North Transportation Complex
601 S. 29th St.
Fort Pierce, Fl. 34947
Phone: (772) 340-7120
Fax: (772) 468-5122
South Transportation Complex
325 N.W. Commerce Park Dr.
Port St. Lucie, Fl. 34986
Phone: (772) 340-7120
Fax: (772) 785-6624
Questions or Comments?
Bus Stop Safety
Protecting Your Child At School Bus Stops
- Work with other parents to have children walk to bus stops and wait in groups. Use the "buddy system" whenever possible.
- Create a Safe Walking Plan with your child using the safest and most direct path to the school bus stop.
- Establish "Safe Houses" along the route to the bus stop that your child can go to if approached while walking to the bus stop.
- Keep an updated color photograph of your child in a packet along with medical and dental records and your child's fingerprints.
- Avoid clothing and toys with your child's name on them.
Teach your child to:
- Notify you before leaving for the bus stop
- Never go into a house unless your have given your child permission to use the house as a "Safe House".
- Tell you if they feel scared, uncomfortable or confused about waiting for the school bus.
- Tell the school bus driver if they are approached while waiting at the bus stop.
- Tell the school bus ramp administrators if they are approached while waiting at the bus stop.
- That NOISE is his/her best defense – yell, scream, shout, scatter books and belongings if they are being forced into a car.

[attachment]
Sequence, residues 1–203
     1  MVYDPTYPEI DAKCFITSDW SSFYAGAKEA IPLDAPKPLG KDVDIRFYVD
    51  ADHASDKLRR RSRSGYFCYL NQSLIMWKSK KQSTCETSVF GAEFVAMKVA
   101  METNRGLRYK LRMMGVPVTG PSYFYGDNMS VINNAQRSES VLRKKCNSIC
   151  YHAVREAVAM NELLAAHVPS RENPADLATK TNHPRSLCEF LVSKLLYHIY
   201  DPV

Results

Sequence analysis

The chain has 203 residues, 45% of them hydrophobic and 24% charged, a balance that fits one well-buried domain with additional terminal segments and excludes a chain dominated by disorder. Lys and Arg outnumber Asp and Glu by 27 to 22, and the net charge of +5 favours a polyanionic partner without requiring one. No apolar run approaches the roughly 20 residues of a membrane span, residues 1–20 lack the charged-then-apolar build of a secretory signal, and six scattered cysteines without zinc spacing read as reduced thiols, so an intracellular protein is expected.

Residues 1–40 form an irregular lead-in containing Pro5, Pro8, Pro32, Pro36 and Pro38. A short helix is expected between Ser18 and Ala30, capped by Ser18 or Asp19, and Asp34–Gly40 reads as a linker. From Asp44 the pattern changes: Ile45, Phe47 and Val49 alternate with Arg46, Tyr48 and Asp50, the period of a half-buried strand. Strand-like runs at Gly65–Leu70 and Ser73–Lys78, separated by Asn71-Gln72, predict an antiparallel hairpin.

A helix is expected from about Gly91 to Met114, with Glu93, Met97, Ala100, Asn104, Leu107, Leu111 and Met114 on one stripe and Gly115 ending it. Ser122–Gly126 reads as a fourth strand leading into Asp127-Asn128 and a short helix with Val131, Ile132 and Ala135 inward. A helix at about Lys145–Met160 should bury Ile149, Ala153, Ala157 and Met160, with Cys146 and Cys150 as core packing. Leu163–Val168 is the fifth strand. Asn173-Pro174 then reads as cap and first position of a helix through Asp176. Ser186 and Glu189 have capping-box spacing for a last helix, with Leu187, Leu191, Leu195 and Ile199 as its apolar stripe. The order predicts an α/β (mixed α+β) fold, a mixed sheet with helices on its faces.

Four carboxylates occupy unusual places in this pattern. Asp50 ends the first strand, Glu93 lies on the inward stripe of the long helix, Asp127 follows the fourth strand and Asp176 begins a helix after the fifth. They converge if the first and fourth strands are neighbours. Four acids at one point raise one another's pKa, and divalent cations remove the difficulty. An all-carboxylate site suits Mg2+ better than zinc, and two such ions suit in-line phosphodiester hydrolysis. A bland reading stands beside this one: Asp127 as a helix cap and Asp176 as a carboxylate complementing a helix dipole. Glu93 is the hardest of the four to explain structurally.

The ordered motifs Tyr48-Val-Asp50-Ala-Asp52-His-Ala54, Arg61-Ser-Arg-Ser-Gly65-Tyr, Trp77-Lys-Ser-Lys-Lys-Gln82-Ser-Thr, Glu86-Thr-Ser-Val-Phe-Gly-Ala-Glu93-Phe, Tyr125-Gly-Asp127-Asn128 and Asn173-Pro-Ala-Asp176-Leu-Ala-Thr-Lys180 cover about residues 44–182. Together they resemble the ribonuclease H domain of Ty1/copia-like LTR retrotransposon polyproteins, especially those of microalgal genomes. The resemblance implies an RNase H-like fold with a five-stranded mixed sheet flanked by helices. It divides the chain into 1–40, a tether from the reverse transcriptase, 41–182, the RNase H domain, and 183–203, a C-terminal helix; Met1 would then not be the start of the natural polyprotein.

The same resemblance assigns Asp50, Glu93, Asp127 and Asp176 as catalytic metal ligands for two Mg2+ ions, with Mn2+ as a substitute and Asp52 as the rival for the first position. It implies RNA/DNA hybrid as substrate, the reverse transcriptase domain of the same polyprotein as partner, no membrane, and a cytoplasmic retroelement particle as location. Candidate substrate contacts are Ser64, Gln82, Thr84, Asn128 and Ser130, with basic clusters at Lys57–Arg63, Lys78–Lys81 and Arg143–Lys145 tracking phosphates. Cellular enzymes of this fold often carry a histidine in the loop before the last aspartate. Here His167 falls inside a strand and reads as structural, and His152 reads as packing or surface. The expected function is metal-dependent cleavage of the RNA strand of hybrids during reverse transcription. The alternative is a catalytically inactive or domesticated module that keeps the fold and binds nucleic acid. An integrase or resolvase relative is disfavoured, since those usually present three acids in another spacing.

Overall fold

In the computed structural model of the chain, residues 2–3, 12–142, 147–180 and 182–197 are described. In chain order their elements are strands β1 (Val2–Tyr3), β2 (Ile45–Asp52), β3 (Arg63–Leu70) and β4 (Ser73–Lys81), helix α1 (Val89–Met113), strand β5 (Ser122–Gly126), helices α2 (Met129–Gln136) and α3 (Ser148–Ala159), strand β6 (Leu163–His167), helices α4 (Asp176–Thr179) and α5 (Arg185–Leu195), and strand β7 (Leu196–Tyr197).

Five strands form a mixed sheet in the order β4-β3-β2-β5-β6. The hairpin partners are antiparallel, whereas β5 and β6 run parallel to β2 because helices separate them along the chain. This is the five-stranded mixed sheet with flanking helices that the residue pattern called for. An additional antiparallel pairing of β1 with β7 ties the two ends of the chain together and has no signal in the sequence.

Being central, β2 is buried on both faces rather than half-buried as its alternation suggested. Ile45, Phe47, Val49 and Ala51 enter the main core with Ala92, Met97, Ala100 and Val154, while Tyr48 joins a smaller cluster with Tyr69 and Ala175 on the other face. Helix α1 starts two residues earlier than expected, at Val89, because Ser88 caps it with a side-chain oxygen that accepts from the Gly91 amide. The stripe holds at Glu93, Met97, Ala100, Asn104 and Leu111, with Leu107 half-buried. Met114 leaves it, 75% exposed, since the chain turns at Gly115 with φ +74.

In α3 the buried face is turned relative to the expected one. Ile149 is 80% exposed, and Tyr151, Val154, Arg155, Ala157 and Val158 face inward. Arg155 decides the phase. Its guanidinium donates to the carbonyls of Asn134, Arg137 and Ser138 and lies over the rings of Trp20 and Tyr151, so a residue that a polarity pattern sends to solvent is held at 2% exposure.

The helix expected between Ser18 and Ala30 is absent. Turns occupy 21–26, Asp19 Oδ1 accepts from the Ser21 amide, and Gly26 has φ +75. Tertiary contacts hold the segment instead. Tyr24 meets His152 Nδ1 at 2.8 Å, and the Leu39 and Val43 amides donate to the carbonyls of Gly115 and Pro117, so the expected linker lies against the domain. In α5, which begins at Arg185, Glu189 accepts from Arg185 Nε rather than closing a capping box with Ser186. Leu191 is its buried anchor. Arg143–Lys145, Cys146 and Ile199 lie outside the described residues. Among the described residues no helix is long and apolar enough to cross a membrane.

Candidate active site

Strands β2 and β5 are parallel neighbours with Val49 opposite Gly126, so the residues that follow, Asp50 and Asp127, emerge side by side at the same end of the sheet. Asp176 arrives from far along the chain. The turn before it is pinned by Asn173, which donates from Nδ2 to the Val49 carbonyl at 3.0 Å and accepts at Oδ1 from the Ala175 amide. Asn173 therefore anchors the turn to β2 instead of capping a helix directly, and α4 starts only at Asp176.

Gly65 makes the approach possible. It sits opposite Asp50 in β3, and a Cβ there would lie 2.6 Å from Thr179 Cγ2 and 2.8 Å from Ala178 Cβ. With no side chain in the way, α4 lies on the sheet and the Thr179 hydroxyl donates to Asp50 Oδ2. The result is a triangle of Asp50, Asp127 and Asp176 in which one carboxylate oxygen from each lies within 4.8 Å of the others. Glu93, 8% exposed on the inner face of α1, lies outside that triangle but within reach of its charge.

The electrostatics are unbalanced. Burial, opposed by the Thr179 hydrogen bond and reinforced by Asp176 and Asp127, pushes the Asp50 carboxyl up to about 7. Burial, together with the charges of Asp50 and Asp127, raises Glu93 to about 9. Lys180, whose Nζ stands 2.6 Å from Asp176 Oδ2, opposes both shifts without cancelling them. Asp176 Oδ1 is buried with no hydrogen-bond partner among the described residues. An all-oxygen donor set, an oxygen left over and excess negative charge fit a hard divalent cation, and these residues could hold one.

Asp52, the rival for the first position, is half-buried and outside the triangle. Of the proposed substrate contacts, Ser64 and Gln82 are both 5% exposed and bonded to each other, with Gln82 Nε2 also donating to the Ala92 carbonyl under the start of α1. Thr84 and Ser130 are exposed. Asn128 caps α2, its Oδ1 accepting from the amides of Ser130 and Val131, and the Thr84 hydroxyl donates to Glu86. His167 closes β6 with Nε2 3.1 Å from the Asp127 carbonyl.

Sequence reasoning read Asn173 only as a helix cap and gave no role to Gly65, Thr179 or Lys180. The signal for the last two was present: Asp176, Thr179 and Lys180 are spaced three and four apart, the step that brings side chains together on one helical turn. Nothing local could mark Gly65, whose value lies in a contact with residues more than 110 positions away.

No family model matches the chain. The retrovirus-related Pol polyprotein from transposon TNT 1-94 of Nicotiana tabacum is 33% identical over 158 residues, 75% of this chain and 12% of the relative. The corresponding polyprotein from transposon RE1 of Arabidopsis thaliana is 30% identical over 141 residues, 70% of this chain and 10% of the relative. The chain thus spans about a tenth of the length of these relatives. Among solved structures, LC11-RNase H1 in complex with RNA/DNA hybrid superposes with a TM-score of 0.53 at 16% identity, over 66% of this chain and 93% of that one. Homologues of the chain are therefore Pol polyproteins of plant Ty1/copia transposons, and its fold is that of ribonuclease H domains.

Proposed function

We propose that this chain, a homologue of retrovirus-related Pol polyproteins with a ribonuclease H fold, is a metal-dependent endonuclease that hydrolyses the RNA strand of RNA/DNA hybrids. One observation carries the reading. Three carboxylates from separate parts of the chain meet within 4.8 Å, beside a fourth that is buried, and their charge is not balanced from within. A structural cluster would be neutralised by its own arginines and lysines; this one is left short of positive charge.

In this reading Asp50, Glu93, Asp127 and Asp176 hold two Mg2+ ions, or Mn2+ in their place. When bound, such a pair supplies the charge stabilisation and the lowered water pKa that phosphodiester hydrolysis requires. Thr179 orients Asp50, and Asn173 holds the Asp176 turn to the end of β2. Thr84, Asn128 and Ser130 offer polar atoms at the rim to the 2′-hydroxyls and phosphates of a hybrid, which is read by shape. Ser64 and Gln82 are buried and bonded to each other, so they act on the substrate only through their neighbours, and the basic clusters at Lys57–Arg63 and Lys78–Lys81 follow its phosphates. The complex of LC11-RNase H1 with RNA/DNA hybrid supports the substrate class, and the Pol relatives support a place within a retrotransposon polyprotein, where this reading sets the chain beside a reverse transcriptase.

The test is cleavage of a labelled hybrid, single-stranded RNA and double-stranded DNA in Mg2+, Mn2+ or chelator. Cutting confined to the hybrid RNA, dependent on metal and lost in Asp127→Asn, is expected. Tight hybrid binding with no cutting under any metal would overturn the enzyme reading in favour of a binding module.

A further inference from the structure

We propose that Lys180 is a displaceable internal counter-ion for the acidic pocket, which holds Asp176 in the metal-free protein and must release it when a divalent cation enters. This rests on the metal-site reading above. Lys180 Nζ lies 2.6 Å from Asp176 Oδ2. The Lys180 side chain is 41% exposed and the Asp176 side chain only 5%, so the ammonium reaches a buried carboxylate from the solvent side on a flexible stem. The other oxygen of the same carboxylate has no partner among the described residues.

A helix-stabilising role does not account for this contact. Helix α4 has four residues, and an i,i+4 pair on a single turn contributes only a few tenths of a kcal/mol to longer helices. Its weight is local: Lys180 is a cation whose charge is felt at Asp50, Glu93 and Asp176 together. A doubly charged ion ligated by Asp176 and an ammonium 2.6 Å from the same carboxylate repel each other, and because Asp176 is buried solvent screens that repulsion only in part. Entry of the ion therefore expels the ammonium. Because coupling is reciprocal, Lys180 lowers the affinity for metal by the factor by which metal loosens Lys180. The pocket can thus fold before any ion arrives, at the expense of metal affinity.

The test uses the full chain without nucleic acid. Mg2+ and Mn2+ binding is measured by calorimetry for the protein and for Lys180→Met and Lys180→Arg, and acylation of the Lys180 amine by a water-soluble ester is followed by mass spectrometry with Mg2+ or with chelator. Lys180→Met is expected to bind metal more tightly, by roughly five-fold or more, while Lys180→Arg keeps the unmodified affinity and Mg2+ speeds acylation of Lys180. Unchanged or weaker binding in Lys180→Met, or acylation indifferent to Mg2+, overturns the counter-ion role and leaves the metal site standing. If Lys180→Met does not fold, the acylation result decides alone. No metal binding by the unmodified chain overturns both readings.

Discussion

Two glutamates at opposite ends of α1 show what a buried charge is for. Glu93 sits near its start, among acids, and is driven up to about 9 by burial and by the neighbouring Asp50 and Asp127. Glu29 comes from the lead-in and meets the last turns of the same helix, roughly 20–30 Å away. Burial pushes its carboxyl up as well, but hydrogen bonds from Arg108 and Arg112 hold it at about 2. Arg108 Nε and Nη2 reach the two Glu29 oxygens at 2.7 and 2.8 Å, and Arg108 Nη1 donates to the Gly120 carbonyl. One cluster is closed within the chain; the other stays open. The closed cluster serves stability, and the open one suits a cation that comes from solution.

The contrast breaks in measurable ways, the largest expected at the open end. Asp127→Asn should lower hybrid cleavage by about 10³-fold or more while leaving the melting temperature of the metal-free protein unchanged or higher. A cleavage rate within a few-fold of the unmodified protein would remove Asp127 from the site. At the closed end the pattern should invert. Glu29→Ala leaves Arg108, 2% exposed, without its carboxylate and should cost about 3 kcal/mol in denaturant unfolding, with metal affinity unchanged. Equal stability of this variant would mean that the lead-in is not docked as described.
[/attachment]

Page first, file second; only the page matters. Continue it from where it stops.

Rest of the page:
- Move away from any vehicle that pulls up to the bus stop.
- Never accept a ride to school if they are waiting at the bus stop.
- Follow the Safe Walking Plan and never to use shortcuts through empty parks, alleys, fields, etc. They should avoid empty buildings and isolated areas.
- Run home or to a designated safe house if they are close to home and approached while walking to the bus stop.
- Write a license plate number in the dirt if nothing else is available and they are safely away from danger.
The best protection for a child at a school bus stop is a vigilant parent.
In today's world of dual working parent families, a parent waiting at the bus stop with a child is not always possible.
Each year in the United States, between 1.3 and 1.8 million children are reported missing. These children may be kidnapped, lost, or runaways. Some children are taken by a non-custodial parent. Still others disappear with few clues as to the reason.
The National Center for Missing and Exploited Children (NCMEC) points out that, in many cases, an abductor is not a stranger to the child. So, while the warning to "stay away from strangers" is good advice, it provides very limited protection. Children are more often abducted or exploited by people who have some type of familiarity with them, but who may not be known to the parents. NCMEC explains that the term "stranger" misleads children into believing that they should only be aware of individuals who have an unusual or slovenly appearance. Instead, it is more appropriate to teach children to watch out for certain situations or actions, rather than certain kinds of individuals.